|Note:||The information in the Diagnostics Guide is only applicable to the Oracle JRockit JDK R26 and later versions.|
The Oracle JRockit JDK provides tools, utilities, and a complete runtime environment for developing and running applications using the Java programming language. The JRockit JDK includes the Oracle JRockit Java Virtual Machine (JVM). The Oracle JRockit JVM is developed and optimized for Intel architectures to ensure reliability, scalability, and manageability for Java applications.
This section contains information on the following subjects:
The JRockit JVM is a high performance JVM developed to ensure reliability, scalability, manageability, and flexibility for Java applications. The JRockit JVM delivers a new level of performance for Java applications deployed on Intel 32-bit (Xeon) and 64-bit (Xeon, Itanium, and SPARC) architectures at significantly lower costs to the enterprise. Furthermore, it is the only enterprise-class JVM optimized for Intel architectures, providing seamless inter operability across multiple hardware and operating configurations. The JRockit JVM makes it possible to gain optimal performance for your Java applications when running it on either the Windows or Linux operating platforms on either 32-bit or 64-bit architectures. The JRockit JVM is especially well suited for running Oracle WebLogic Server.
For more information on JVMs in general, see theat:
The JRockit JVM is one component of the Oracle JRockit Java development kit (JDK). In addition to the JRockit JVM, the JDK is comprised of the Java Runtime Environment (JRE), which contains the JVM and Java class libraries (as specified by the Java Platform, Standard Edition 6 API Specification), as well as a set of development tools, such as a compiler. For more information about the contents of the JRockit JDK, please refer to The Contents of a JRockit JDK Installation.
The JRockit JDK numbering scheme is based upon:
For example, Oracle JRockit JDK 6 R27.6 refers to the 27.6 release of JRockit JVM used with Java SE 6; Oracle JRockit JDK 1.4.2 R27.6 refers to the 27.6 release of the JRockit JVM used with J2SE 1.4.2. All future versions of the JRockit JDK will follow this versioning scheme.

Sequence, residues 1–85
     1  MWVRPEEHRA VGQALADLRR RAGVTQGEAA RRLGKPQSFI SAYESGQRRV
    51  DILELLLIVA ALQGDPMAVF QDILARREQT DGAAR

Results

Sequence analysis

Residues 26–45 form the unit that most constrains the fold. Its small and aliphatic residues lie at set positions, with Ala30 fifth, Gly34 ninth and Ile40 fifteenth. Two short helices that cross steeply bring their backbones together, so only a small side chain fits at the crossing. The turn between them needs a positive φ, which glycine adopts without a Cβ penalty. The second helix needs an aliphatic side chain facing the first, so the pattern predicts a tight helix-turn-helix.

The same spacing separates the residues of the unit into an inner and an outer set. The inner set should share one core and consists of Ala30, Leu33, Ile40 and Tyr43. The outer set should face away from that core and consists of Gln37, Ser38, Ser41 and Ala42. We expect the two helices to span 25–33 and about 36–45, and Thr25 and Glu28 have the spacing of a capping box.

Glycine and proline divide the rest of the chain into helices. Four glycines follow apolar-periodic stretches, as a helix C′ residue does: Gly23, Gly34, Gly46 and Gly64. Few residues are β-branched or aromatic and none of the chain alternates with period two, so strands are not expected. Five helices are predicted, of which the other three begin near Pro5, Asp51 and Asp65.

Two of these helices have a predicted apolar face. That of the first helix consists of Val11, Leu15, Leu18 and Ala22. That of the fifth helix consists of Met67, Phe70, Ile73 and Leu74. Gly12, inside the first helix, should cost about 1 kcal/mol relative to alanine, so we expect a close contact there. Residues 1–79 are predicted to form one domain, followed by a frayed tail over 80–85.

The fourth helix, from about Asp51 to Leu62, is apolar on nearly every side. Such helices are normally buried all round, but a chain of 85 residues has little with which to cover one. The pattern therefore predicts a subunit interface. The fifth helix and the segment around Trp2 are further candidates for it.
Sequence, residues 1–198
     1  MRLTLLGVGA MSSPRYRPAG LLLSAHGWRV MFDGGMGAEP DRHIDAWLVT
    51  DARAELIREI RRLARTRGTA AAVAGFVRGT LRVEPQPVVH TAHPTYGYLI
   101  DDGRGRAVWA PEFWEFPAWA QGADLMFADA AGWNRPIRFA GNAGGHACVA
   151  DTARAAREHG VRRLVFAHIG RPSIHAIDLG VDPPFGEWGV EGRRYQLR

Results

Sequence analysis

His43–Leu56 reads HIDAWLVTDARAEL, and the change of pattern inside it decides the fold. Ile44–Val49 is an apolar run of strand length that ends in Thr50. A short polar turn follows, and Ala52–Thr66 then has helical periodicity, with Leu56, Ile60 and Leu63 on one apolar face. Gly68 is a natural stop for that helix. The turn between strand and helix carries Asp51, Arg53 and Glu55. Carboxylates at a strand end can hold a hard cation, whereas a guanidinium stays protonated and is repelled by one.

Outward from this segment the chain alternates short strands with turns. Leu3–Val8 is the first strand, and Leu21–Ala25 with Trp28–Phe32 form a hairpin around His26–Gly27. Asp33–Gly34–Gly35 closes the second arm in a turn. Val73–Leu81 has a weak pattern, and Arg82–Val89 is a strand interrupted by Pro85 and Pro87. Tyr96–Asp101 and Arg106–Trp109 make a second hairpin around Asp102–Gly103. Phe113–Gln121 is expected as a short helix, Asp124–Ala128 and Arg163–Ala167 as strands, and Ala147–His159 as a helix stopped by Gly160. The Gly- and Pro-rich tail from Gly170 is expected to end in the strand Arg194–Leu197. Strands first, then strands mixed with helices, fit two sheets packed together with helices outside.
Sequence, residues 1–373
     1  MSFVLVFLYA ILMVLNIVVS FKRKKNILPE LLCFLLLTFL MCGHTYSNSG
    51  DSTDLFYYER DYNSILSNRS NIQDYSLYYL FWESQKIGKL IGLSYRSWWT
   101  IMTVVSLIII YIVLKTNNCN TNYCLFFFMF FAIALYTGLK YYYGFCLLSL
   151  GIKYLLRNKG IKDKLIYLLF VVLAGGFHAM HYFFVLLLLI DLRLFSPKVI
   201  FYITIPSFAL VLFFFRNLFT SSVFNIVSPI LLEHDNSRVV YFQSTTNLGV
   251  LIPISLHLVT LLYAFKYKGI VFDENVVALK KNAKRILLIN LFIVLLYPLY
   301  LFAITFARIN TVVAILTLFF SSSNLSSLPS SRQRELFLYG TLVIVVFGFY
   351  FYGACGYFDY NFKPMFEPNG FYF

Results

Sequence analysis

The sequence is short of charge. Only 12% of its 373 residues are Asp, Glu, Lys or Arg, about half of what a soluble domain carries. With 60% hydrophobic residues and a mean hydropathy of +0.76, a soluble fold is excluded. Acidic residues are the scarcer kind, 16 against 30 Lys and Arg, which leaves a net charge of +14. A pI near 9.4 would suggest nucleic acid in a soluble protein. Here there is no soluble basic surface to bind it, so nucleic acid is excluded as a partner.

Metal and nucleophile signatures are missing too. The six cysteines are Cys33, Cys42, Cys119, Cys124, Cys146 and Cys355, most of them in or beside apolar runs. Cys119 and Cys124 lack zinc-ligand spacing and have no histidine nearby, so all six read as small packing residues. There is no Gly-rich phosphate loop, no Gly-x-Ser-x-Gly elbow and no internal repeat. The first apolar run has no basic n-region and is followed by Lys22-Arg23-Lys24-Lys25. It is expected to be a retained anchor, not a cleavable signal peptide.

A full version name might look like this:
R27.6.0 is the JRockit JVM release,
1.6.0_01 is the Java version, and
windows-ia32 is the platform on which this version runs.
|Note:||JRockit JDK versions that were based on J2SE releases earlier than 1.4.2 used a different numbering scheme following the Oracle WebLogic Platform versions. For this reason, the J2SE 1.3.1 version of the JRockit JDK was called 7.0.|
Every JRockit JVM release comes with several Java versions. For example, JRockit JVM R27.6 comes with Java SE versions 1.4.2, 5.0, and 6. A Java version can be compatible with multiple JRockit JVM releases.
The JRockit JDK is certified to be compatible with J2SE 1.3.1, 1.4.2, 5.0, and Java SE 6. For a complete list of platforms that the JRockit JDK supports, please refer to JRockit JDK Supported Configurations at:
The JRockit JDK subscribes to an update policy that ensures compatibility from one release to the next to provide simple and complete upgrade flexibility. This policy is described inat:
This section describes the various components that make up an installation of the JRockit JDK. It also identifies the folders in which the components reside.
The JRockit JDK is very similar, in the file layout, to the Sun JDK, except that it includes a new JRE with the JRockit JVM and some changes to the Java class libraries (however, all of the class libraries have the same behavior in the JRockit JDK as in the Sun JDK).